Master of Arts Integrated Studies (MAIS) 662
Mourning and Trauma: Theoretical and Historical Debates (Revision 2)
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Delivery Mode: Grouped study
Program: Master of Arts Integrated Studies
Loss is an integral element of life itself. All of us have loved and lost, and have been required, in some fashion, to mourn those lost loves. Thus students will come to this course with an already existing existential background of loss upon which to draw. In this course we will critically examine that existential background of loss in relation to key debates in theory and culture on mourning and trauma.
There has been a vigorous debate within cultural studies literature over the status of mourning and trauma in contemporary society. The debate surrounds our understanding of loss. If loss is ontological, in the sense that absence and lack are fundamental to existence itself, then how do we make sense of this ontological loss in relation to the particular losses of individuals in their lives? And if loss is often experienced as trauma, how do we understand the subject’s relationship to traumatic loss? What is the connection between an ontological demand for mourning traumatic loss and a process of mourning tied to particular traumatic life events?
This course provides students with the opportunity to
- develop a critical understanding of concepts and debates in mourning and trauma theory
- understand the relations between structural and historical approaches to mourning and trauma
- recognize individual and collective experiences of loss and trauma as historically and contextually located
To receive credit for this course, students must participate in the online activities, successfully complete the assignments, and achieve a final mark of at least 60 per cent. Students should be familiar with the Master of Arts—Integrated Studies grading system. Please note that it is students' responsibility to maintain their program status. Any student who receives a grade of "F" in one course, or a grade of "C" in more than one course, may be required to withdraw from the program.
The following table summarizes the evaluation activities and the credit weights associated with them.
|Online Participation||20 %|
|Essay 1||40 %|
|Essay 2||40 %|
The course materials for MAIS 662: Mourning and Trauma: Theoretical and Historical Debates include the items listed below. If you find that any items are missing from your course package, please contact the Course Materials Production department at Athabasca University as soon as possible. You may call Athabasca University, toll free, from anywhere in Canada or the United States at 1-800-788-9041 and ask to speak to someone in Course Materials Production (ext. 6366). Students in the Edmonton and Calgary dialling areas are asked to call the Learning Centres to connect with the automated attendant, and then dial the four-digit extension. You may send e-mail to firstname.lastname@example.org, or write to Course Materials Production at Tim Byrne Centre, 4001 Hwy 2 South, Athabasca AB T9S 1A4.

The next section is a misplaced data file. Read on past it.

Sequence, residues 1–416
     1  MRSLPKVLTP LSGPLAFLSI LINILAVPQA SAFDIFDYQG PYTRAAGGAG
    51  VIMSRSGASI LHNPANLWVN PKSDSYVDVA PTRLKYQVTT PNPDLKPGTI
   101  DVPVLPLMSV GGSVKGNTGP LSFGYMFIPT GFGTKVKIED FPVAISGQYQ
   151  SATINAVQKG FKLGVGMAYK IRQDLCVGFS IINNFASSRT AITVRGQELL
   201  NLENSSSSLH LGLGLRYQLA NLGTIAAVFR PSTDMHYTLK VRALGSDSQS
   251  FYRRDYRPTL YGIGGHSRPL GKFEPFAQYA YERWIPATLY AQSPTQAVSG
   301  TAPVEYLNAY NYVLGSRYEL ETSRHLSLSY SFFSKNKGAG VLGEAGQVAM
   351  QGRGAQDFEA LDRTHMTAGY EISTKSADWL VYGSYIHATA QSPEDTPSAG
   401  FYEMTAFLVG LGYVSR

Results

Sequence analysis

Santner, Eric L. (1990). Stranded objects: Mourning, memory, and film in postwar Germany. Ithaca, NY: Cornell University Press.
Morrison, Toni. (2000). The Bluest Eye. New York: Plume.
Aubrey, Sarah, John Cameron, and Sidney Kimmel (Producers), Gillespie, Craig (Director). (2007). Lars and the Real Girl [Motion picture]. USA/Canada: Independent.
Athabasca University Online Materials
Course Home Page: You will find Course Information (including the Assignment File and other pertinent information) at the top of the course home page. You will also find your Study Guide presented unit by unit online. You will find your assignments and links to submit your work to your professor on the course home page.
Athabasca University Library: Students are encouraged to browse the Library's Web site to review the Library collection of journal databases, electronic journals, and digital reference tools: http://library.athabascau.ca.
Athabasca University reserves the right to amend course outlines occasionally and without notice. Courses offered by other delivery methods may vary from their individualized-study counterparts.
Opened in Revision 2, May 1, 2012.